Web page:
The wat has two important Buddha images; one on a marble bas relief, the other a crystal seated Buddha. They’re visible in a glass cabinet housed in a smaller sanctuary. The walls of the wat feature red stenciled murals, depicting scenes from the life of Chiang Mai's founder, Phaya Mengrai.
Wiang Kum Kam is an ancient “lost city” located on the banks of the Mae Ping River. It was founded in the 13th century by King Mangrai and was the royal capital prior to Chiang Mai. Wiang Kum Kam was abandoned in the 16th century due to flooding, and was only rediscovered in 1984.
Wiang Kum Kam has been partly restored to its former glory and visitors can tour the ruins of ancient temples and see the carved stone tablets unearthed by archaeologists. Some of the sites have plaques with information in English and guides are available for hire.
Tucked away in the forested hills just outside of Chiang Mai sits Mae Kampong Village, a high-altitude village founded more than 100 years ago as a tea orchard. Today, it’s still famous for producing pickled tea leaves, which in Northern Thailand are chewed much like betel nut.
Within the village, dozens of wooden cottages hug the hillside amid the dense forest. In recent years, some of the villagers have launched a homestay program to give visitors insight into the traditional local culture. A homestay in the village typically includes a night of accommodation in a family’s home along with three home-cooked meals.
From the village, it’s possible to trek to Nam Tok Mae Kampong (a seven-tiered waterfall) or the Mae On cave. The village also serves as a base for whitewater rafting and zip lining through the canopy.
This group of caves in the Chiang Dao region north of Chiang Mai is full of massive limestone and crystal formations. Though there are many caverns at the base of the Doi Chiang Dao mountain range here, these five in particular are interconnected and open to explore, with impressive stalagmites and stalactites hanging and growing from the ceilings and floors.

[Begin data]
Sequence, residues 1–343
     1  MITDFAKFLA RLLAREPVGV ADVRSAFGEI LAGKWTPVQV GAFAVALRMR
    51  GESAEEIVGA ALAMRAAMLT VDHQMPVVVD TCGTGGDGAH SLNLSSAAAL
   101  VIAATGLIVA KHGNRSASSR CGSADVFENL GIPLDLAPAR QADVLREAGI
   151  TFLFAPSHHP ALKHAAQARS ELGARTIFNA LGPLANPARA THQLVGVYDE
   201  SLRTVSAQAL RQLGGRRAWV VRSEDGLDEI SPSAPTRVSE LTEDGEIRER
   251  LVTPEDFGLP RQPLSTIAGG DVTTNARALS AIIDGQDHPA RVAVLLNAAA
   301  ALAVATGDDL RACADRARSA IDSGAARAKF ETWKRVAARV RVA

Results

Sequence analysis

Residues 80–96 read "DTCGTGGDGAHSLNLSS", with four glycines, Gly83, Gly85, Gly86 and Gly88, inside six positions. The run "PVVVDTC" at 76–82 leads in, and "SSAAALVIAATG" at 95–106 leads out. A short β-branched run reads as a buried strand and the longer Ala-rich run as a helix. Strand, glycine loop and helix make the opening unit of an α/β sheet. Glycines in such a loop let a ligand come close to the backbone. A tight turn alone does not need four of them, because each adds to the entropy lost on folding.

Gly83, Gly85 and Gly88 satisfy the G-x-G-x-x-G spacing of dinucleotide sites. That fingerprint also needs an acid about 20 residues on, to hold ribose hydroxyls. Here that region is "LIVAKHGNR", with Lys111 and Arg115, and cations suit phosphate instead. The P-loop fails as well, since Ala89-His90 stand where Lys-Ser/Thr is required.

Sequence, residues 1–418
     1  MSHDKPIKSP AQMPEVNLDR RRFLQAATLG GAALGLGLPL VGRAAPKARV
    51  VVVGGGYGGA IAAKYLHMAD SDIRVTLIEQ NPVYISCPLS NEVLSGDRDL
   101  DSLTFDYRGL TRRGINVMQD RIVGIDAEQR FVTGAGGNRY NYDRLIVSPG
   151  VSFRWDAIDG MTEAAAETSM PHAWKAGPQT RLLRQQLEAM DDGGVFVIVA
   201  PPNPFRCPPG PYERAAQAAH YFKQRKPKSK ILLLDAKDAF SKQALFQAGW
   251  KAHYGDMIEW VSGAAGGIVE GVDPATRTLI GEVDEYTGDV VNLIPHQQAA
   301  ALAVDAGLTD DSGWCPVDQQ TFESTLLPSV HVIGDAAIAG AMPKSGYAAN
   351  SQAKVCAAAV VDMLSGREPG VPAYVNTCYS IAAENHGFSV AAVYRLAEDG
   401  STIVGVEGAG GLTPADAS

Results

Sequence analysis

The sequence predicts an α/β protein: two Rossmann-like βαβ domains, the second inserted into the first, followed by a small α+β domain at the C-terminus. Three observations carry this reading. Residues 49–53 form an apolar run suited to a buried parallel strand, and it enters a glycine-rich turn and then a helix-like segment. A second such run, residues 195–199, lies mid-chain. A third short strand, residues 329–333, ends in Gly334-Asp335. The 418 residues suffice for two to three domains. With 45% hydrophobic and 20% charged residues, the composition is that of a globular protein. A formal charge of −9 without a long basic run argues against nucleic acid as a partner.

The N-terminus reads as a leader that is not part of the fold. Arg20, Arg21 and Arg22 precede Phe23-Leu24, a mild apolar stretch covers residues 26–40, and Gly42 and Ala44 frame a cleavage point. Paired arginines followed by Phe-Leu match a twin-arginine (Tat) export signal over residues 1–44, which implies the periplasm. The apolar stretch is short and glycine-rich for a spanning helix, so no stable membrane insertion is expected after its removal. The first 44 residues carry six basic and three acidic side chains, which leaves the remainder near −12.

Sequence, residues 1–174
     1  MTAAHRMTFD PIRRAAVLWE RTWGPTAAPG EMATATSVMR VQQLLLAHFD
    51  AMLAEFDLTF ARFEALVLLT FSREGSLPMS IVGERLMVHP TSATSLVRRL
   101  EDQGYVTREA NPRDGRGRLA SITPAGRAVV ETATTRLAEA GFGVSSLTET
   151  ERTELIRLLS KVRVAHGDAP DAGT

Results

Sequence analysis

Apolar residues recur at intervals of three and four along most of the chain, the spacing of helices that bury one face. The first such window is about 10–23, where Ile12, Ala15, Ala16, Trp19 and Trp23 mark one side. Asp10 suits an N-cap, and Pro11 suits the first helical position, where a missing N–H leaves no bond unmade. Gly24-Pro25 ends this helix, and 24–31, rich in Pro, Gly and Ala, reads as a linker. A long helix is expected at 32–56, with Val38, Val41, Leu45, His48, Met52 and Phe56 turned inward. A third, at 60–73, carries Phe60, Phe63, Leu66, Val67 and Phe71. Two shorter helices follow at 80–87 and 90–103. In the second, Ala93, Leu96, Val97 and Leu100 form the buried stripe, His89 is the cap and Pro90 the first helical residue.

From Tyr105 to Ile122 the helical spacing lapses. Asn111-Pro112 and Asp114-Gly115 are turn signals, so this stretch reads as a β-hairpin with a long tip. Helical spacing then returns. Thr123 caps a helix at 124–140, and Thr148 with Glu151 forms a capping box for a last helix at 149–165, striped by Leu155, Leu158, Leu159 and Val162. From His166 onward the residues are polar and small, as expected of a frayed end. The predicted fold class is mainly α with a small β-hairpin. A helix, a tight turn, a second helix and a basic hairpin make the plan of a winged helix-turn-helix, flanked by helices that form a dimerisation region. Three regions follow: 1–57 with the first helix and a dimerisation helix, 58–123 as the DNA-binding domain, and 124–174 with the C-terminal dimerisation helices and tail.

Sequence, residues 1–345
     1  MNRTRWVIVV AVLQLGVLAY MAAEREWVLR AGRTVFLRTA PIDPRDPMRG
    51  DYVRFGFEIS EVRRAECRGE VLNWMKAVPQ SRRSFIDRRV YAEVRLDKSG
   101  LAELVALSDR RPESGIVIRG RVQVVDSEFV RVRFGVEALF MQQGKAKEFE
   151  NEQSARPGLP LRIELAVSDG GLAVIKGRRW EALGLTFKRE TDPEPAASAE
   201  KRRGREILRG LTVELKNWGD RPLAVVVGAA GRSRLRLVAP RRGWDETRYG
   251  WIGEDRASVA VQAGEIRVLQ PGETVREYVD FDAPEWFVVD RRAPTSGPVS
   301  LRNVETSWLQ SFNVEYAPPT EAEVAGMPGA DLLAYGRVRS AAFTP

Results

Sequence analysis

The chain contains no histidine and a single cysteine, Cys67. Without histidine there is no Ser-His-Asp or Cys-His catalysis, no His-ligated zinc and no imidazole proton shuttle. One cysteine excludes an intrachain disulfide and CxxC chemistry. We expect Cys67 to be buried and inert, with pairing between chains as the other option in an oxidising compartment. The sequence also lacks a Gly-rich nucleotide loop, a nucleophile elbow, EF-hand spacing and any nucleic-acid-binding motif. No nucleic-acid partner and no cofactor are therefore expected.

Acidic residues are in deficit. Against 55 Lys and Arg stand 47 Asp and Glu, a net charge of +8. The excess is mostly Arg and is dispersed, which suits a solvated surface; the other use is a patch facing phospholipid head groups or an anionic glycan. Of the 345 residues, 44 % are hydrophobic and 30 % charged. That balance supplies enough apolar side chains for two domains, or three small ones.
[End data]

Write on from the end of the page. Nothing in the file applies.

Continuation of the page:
Buddha images on the walls of the caves are evidence of their use as shrines and meditation sites. Estimated to run seven miles (12 km) deep, the first two caves are well-lit, but you’ll need a guide and a lantern or flashlight to access the others. Seasonally, an underground river flows through some of the caves, along with many other natural wonders and cultural sights to be discovered and explored.
Seasonally there is an underground river flowing through some of the caves. There are both natural wonders and cultural sights to be explored; just be sure to bring some light or hire a guide who knows the way.
Beneath the shadow of Doi Suthep sits Huay Tung Tao Lake, a manmade reservoir popular as a swimming and picnicking area favored by locals and expats looking for a break from Chiang Mai. On a sunny day, it’s common to see groups of Thais sitting on the banks of the lake dining on steamed fish and cold beers.
Not many international tourists visit this hidden gem, but those who do will find grassy banks dotted with bamboo picnicking areas, shallow waters ideal for cooling off, paddle boat and inner tube rentals and vendors selling local favorites, like dancing shrimp -- a dish comprising live freshwater shrimp that jump around on the plate -- as well as sour orange catfish curry, sun-dried pork or grilled chicken.
This historic town in the north of Thailand is known for its quaint streets and horse-drawn carriages. Travelers use this quiet area on the bank of the Wang River as a convenient jumping point for trips throughout the region, but it’s also worth exploring.
Visit the National Elephant Institute to learn more about the care and protection of some of the country’s largest mammals or head to the Wat Phra That Lampang Luang to check out traditional Lanna architecture. Travelers love the popular Gad Gong Tha weekend night market, and it’s impossible to leave this scenic town without experiencing the pleasure of a traditional Lampang carriage ride.